Art of Grafting

Art of Grafting

Grafting is an age old horticultural art. The extreme heterozygosity of apples means that true to type trees can't be achieved by planting seeds. (You can read more about seedling trees on this page). Vegetative propagation means that all Northern Spy trees, for example, are a clone of one original tree, the scion wood being passed down by grafters from generation to generation, from one living tree to the next. On this page you can see photos and read about the basics of three different grafting techniques for apples.

We now almost exclusively practice in situ grafting. You can read about this propagation technique here.

Bench Grafting at Eve's Cidery



Most of the trees we plant on our farm we graft or bud ourselves. There is something thrilling about making your own tree...a chance to play creator for a bit, to make a baby and grow it in a nursery, imagining the tree it will become in a decade or so. We also grow our own trees because true cider apple trees are hard still to come by as most commercial nurseries don't offer them. We want the flexibility to plant what we want, when we want. There are two basic techniques for making baby tree: one is to bench graft scions to rootstocks in the winter, and the other is to bud dormant buds into liners in the nursery in late summer.


Grafting by the Woodstove
The Whip and Tongue Graft
Whip and Tongue Up Close
Dabinett Bench Grafts
Sprouting Grafts in the Nursery


  1. Obtain rootstocks. We sell our own organically grown B118 rootstocks in our SCION WOOD SHOP. For dwarfing stocks, we recommend Cummins Nursery as a source.
  2. Collect scions. Cider variety scions can be ordered from our SCION WOOD SHOP Collect dormant one year wood from desired variety in the winter. Store in a cool place, away from ethylene producing fruits or vegetables, wrapped in a damp cloth to keep it from drying out.
  3. We prefer the Whip and Tongue graft because of it's strength. It is a superior graft and worth the effort to learn. First, make a diagonal cut. Then make a parallel back cut about a third of the way through the diameter. Do this on both root and scion and then mate them together.
  4. Tie it tight with a grafting band.
  5. Dip the tip in wax to prevent desiccation.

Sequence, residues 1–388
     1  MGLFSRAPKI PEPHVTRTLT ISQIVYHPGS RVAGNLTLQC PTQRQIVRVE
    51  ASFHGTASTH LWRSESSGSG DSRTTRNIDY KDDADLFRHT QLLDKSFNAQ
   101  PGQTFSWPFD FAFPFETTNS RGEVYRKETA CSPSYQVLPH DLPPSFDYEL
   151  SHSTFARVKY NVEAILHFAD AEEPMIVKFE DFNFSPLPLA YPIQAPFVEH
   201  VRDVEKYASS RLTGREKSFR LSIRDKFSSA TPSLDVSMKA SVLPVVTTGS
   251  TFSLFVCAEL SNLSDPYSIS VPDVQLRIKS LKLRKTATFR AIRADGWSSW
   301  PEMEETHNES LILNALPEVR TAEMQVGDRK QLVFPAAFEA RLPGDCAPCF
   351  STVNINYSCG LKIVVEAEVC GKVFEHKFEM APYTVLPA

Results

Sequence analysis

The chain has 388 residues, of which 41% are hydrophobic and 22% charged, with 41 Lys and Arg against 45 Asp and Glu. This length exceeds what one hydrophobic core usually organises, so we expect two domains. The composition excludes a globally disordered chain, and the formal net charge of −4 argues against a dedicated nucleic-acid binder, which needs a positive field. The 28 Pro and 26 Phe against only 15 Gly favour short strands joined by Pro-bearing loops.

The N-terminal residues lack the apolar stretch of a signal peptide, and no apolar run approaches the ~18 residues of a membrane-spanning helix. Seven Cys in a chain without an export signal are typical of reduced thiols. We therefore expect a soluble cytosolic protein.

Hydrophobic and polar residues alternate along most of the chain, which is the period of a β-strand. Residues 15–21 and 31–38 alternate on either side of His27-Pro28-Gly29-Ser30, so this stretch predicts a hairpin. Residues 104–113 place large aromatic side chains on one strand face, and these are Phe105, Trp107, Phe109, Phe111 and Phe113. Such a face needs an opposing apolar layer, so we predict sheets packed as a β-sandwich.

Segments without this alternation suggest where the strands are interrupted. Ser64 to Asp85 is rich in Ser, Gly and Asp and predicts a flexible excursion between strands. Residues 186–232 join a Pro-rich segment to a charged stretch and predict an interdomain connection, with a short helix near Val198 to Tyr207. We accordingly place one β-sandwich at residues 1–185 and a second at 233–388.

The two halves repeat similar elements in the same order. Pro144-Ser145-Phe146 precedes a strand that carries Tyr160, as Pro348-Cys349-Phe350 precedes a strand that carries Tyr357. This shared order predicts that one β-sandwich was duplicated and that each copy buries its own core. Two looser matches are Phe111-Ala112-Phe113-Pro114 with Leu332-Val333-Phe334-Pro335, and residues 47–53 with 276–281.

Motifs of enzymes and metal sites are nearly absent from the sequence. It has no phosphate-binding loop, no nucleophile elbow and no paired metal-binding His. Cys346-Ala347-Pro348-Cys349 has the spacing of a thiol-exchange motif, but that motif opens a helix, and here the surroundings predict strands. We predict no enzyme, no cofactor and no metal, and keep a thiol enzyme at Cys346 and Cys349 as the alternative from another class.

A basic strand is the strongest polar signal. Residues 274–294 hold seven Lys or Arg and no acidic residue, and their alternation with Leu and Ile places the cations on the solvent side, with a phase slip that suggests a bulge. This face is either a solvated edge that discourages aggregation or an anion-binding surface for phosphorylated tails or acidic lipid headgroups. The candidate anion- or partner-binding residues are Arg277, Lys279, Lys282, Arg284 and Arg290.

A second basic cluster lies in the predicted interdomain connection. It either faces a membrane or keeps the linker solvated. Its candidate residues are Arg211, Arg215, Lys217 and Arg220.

6. LABEL everything!
  7. We like to make bundles of 25 and pack them in sawdust in nursery pots. Store them in a cool dark place for at least 2 weeks while the callous tissue heals.
  8. Plant before they begin to leaf out but after danger of hard frost has passed.



Summer Budding
Tying a T- Bud
Putting Mouse Guards on in the Nursery


  1. Rootstocks are planted out as liners in the nursery.
  2. When the current growth on apple trees goes dormant in late summer, collect your bud wood from the desired variety.
  3. When you cut the leaves off your scion wood, leave a piece of the stem so you have a little handle.
  4. Cut the bud off.
  5. We T-bud. Cut a small tee in the rootstock. Peel the bark back, and insert the bud, like in an envelope.
  6. Tie it closed as tight as you can with the budding band. But leave a space for the bud to sprout.
  7. Don't forget mouse guards to protect the over-wintering nursery!
  8. Next spring, when the bud shows it's alive, cut off the rootstock directly above the new bud.




That you can transform a mature tree of one variety to another is truly amazing. In our orchard we have changed many trees of varieties useless for cider making over to cider varieties with top-grafting.


Top Grafting Mutsu to Golden Russet
Top Worked Tree Sprouting
10 Year Old Somerset Redstreak Top Grafted on to 35 Year Old Mutsu


  1. Collect one year dormant scion wood (order scion wood from our shop) and store it properly until just prior to bloom.
  2. Make a nice fresh cut. It's a good idea to leave some nurse branches on the trees to support it while the scion wood grows.
  3. Cut scions like a wedge and insert between the cambium and inner wood in a ring around the trunk.
  4. Staple shut and coat the cut areas with tree coat or wax.
  5. Next spring, cut back the new growth by half to insure a stiff union. In 3 years you will have grown a simple fruiting "umbrella"


Planting Grafts in the Nursery


Grafting embodies what I love about age old horticultural practices. With a few simple tools and learned skill, you posses a certain kind of independence from the limits on taste imposed by an apple industry driven by bland mass market appeal. Escape the tyranny of the Granny Smith! Plant apples that taste good! Grow your own and graft your own!

- Autumn Stoscheck